I got stuck on a hill on Saturday afternoon in the snow. My tires are a little worn, and my patience isn’t what it should be. So there I am, jamming on the gas impatiently, trying not to completely have a fit because my stepdaughter was watching and because my faith states that I need to be even tempered. So I’m pressing and pressing and the wheels continue to spin. Then a wonderful older gentleman came and gave me some great advice: “Back up just a bit and let the car work for you. If you keep spinning the wheels, the snow will turn to ice under your tires and you will never get up that hill.” It worked! Soon enough I was back on my way, slipping down the road until I arrived safely at home.

 

Isn’t life like that? So often we apply too much gas, attempting to power through a situation and losing ground in our eagerness to move forward. Which brings me to the topic that is on my mind:

Adnan Syed is still imprisoned.

I say that because with all of the press about the appeal, all the hope that came with Asia agreeing to testify and the many, many interviews of Prosecutor “I’m not authorized to speak” Urick, it is easy to feel like we hit the climax of the story, and we all are coasting back down. We may be weary of the story and feel like it has come to a close. Believe me, the story is still continuing. Whether or not we move on, Adnan and those who love him still have to face the facts: Adnan Syed is imprisoned.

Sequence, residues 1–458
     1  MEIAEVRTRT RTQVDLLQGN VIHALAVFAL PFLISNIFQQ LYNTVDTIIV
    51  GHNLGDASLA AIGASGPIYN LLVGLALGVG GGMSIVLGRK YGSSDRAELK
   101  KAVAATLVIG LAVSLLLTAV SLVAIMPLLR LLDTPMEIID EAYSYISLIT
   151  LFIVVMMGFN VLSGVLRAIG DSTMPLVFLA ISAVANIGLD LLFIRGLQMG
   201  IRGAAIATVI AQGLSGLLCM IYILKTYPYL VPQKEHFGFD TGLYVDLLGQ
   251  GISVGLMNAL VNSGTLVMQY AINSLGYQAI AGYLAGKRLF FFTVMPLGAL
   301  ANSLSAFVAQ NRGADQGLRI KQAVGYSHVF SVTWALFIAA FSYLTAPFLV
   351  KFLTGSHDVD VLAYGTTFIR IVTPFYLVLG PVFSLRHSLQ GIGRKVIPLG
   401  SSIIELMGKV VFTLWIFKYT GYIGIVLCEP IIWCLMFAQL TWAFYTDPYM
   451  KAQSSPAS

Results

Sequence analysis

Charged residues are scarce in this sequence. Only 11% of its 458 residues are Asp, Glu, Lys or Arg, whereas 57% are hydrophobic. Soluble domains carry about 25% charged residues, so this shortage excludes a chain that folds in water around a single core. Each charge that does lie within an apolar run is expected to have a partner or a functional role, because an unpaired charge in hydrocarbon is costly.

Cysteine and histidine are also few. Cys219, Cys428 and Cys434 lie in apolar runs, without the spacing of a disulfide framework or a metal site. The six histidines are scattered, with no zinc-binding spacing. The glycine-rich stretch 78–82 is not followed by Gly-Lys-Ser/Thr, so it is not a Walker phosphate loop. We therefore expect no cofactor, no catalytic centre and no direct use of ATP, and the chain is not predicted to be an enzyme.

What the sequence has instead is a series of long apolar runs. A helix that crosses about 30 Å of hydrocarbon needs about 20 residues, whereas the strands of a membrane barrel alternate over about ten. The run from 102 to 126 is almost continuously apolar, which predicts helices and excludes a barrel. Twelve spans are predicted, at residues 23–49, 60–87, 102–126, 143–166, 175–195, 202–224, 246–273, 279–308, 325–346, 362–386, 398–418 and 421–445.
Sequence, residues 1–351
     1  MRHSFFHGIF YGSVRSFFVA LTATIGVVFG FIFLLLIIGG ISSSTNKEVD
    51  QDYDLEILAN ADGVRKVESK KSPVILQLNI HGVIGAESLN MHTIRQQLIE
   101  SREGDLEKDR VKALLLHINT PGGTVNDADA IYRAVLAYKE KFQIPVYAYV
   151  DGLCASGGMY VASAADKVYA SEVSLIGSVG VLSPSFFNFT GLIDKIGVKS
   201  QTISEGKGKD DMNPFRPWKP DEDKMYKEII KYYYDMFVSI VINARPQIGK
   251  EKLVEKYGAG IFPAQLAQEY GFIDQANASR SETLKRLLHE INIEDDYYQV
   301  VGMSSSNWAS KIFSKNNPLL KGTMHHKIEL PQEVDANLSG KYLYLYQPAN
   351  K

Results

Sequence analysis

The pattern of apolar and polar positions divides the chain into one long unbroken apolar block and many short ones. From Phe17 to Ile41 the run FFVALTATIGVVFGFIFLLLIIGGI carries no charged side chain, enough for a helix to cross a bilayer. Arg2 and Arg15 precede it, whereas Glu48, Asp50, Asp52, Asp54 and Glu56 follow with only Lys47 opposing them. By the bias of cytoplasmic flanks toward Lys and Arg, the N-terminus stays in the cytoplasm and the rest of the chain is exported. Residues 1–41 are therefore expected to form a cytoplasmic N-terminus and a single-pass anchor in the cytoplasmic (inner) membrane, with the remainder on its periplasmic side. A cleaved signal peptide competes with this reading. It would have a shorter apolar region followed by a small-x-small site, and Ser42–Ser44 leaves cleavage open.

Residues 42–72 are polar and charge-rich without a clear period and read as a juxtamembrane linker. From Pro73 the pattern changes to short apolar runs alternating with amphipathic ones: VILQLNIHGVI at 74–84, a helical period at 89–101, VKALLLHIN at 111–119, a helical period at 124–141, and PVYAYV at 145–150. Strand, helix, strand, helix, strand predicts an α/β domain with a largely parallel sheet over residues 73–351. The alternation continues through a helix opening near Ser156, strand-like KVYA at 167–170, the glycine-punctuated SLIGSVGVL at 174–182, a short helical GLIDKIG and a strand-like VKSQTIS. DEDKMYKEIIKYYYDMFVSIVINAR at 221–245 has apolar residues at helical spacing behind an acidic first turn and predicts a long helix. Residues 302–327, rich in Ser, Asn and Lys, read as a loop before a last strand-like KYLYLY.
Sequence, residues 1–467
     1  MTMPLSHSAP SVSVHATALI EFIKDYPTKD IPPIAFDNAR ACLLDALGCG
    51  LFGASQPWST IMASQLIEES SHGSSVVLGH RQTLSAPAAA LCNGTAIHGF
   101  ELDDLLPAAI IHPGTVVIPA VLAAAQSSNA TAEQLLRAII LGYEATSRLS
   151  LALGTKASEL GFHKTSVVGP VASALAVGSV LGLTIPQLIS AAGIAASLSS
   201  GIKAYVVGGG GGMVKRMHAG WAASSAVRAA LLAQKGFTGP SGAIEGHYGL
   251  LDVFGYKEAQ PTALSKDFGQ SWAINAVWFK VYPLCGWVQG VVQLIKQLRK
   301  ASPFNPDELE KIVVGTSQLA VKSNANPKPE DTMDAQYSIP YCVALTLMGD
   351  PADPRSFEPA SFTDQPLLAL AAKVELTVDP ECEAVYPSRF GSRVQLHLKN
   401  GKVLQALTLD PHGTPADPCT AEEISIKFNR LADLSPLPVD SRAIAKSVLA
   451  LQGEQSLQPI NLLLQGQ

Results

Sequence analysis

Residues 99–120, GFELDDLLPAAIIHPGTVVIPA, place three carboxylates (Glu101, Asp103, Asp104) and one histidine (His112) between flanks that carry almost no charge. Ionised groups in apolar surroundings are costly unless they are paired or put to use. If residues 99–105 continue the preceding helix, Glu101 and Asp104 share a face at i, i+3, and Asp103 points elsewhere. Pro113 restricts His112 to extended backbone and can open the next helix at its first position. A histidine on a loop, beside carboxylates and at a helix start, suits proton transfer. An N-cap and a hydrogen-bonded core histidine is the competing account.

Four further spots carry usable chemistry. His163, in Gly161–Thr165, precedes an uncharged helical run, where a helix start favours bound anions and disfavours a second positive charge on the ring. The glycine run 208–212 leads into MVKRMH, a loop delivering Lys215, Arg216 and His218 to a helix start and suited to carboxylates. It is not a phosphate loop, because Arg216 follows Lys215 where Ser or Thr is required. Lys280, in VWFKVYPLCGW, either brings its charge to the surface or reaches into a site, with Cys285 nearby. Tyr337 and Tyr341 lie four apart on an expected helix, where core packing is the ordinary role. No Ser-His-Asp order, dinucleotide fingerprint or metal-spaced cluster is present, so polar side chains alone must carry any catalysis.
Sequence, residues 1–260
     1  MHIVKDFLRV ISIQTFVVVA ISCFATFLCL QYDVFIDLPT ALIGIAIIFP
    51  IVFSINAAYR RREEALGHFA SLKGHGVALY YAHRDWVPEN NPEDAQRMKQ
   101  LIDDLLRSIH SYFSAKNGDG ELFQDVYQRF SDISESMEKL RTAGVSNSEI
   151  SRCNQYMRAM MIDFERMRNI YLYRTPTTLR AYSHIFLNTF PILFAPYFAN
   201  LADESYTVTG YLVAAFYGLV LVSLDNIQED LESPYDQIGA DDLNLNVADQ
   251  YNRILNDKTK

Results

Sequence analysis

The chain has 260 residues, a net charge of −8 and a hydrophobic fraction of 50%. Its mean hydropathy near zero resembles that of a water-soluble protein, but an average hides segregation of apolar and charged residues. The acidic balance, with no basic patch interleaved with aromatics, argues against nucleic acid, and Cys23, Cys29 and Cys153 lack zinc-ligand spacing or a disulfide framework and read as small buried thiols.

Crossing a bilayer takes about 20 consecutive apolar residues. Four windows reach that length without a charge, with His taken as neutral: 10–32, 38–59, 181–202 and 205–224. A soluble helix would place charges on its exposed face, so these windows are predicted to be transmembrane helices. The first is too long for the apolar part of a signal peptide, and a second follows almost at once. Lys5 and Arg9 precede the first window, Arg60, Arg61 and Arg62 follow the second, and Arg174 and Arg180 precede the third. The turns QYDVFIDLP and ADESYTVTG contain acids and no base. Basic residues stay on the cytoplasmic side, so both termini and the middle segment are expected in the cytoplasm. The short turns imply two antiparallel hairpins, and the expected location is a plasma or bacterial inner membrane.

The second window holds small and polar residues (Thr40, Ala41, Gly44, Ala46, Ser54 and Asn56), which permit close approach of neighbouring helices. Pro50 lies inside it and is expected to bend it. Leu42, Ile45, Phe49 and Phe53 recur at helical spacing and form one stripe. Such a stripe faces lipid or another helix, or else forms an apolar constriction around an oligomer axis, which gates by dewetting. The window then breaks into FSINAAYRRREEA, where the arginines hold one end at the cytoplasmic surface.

It is so easy to become complacent, to get weary in well doing. Don’t let that happen. If we let off the gas now we might not make it up the hill. There is a lot more at stake here than whether or not we have to take a different way home. Please, enjoy these times of victory and celebrate the breakthroughs, but realize the fight is not over. Keep speaking out, keep donating, keep spreading the word! I leave you with this scripture, it expresses this better than I could:

Galatians 6:9 (ASV) And let us not be weary in well-doing: for in due season we shall reap, if we faint not.

 

Don’t become weary in well-doing.

Until next time,

René

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